No More Wallpaper Hang Ups as D.C. Embraces New Trends
It seems the only limit on wallpaper today is your imagination.
The pastel seashells, fleur-de-lis patterns and vertical stripes of yesteryear have been usurped by bold colors, rich textures and the ability to customize your own prints.
This isn’t your grandmother’s wallpaper.
In truth, it may not even be your mother’s, as The Washington Post points out that young Washingtonians connect to the new takes on an old trend.
Local decorators can’t exactly explain wallpaper's new hotness, but many agree it’s due to an overall interest in home decorating. Local home owners, especially younger ones, seem to want to find something unique to distinguish their home.
Endless options mean something for everyone
“There are hundreds of design blogs, shelter magazines — everywhere you look, you’re seeing new ideas. I think people are more aware of their options,” Jennifer Sergent, a Washington design blogger and former marketing director for the Washington Design Center, tells the Post.
So, HGTV may deserve much of the credit.
Another factor is the relative affordability of these new wallpaper products. True, paint remains king of the inexpensive update, but many high quality wallpapers with cutting edge designs can be purchased for about $50 a roll at many highly rated local wallpaper and decorating businesses.
It also doesn't hurt wallpaper's new popularity that installation has become much easier. For DIY tips, check out this Angie’s List Guide. If you're concerned about removing old wallpaper before installing new, try reaching out to a professional.
Here’s a quick overview of some of the most popular materials used for today's wallpaper. Hopefully, you'll have an advantage before browsing through all the sample books that await.
Vinyl is the most commonly used type of wallpaper. It's versatile and can be used in most any room.
It also comes in mildew-resistant varieties to protect your home. Vinyl also is the easiest type of wallpaper to apply and clean.
Foil can add an elegant touch, but it can be difficult to work with. Decorators often recommend trying it in a small space, like an accent wall, first.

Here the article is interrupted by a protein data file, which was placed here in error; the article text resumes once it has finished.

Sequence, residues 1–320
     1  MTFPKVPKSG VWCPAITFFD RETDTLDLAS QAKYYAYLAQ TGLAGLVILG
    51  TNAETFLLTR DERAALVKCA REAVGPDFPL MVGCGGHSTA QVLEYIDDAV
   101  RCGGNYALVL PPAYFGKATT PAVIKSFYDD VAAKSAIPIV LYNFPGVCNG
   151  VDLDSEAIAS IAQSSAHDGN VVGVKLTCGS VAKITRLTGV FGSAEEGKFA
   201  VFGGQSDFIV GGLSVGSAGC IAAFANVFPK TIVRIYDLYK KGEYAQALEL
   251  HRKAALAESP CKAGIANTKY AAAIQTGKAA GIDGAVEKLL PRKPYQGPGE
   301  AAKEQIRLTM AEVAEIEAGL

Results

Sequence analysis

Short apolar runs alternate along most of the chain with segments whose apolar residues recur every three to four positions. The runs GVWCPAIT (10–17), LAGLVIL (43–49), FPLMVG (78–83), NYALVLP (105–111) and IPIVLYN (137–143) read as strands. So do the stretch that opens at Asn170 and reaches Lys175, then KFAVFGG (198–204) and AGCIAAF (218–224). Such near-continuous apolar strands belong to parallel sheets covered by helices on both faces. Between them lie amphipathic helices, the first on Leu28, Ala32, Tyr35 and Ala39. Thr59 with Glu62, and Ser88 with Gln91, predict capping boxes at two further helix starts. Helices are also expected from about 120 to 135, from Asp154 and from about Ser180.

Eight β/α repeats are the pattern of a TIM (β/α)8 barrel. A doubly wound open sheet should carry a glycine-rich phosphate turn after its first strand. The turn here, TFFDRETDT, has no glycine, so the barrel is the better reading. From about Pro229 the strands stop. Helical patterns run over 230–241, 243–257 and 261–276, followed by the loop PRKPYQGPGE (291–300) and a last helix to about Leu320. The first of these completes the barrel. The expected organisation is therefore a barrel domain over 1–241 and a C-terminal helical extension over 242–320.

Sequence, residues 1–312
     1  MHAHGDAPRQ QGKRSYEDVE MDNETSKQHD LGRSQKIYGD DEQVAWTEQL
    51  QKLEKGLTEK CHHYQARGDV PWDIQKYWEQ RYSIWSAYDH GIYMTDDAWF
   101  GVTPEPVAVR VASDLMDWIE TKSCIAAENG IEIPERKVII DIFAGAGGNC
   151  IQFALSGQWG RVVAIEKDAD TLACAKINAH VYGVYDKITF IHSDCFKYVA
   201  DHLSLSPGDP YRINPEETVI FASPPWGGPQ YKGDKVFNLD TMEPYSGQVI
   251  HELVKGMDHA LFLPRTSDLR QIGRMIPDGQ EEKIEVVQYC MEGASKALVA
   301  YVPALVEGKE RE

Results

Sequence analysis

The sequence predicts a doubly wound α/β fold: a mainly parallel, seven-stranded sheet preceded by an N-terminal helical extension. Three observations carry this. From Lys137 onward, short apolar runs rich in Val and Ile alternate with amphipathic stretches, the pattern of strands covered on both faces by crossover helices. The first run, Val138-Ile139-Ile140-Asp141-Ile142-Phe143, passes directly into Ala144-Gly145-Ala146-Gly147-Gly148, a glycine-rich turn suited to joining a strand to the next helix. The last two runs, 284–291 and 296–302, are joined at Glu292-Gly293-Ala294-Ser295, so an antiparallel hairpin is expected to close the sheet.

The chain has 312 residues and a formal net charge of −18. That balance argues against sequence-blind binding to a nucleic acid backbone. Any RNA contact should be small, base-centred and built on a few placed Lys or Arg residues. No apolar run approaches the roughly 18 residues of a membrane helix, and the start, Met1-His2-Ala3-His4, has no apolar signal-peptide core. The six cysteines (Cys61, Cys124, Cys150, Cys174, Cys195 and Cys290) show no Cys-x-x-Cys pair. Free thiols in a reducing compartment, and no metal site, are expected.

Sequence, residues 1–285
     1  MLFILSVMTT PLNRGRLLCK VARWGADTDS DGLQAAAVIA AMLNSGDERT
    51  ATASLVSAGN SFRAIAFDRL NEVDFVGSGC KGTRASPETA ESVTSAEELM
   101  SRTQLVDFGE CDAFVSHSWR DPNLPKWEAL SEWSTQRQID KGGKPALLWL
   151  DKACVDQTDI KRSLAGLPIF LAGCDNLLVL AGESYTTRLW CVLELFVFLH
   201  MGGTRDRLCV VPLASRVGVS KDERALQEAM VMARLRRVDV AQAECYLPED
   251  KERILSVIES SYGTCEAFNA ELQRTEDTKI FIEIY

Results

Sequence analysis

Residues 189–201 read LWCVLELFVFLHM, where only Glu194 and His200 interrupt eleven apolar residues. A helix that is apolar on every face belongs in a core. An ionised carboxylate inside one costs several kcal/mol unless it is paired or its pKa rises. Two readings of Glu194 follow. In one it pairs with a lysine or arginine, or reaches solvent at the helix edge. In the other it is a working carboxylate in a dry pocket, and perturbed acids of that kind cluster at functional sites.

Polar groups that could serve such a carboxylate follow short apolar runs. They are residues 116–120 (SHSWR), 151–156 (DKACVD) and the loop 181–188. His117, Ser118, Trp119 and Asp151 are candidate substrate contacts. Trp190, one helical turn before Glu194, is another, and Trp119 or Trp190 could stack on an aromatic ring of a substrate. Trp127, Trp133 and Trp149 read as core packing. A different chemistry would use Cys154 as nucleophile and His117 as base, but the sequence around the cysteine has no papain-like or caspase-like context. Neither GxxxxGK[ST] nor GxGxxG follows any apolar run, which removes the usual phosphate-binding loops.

This type of material may be best left to a professional who has experience with its installation.
Fabric wallpaper is typically attached to vinyl wallpaper to help it adhere to the wall. While the look of fabric can be desirable, it often attracts dirt and dust and can be difficult to clean.
Flock wallpaper has raised patterns. Since these patterns are made with a velvet-type material, cleaning must be done gently to avoid damage. As with foil wallpaper, flock is often best used for accents.
Keep in mind when selecting a wallpaper how long you plan to live in your home. Exotic prints and crazy colors may make a statement, but aren't necessarily conducive to the Washington real estate market.
Your ZIP code may dictate design
D.C. is home to some charming neighborhoods each with a distinct style that may not include your personal taste in wallpaper.
“The contemporary looks are catching on more [in Washington],” says Trish Kim of Staged Interior in Centreville, Virginia. She's been decorating homes in the Washington area for nine years and has learned it's all about a “casual, pared-down” look.
Kim suggests trying to stay true to the outside of your home when you are working on the inside. Orange zigzag wallpaper prints may fit in a Chinatown condo, but fall flat in a historic Georgetown brownstone.
“This area has many styles of homes, so it keeps things interesting,” she says.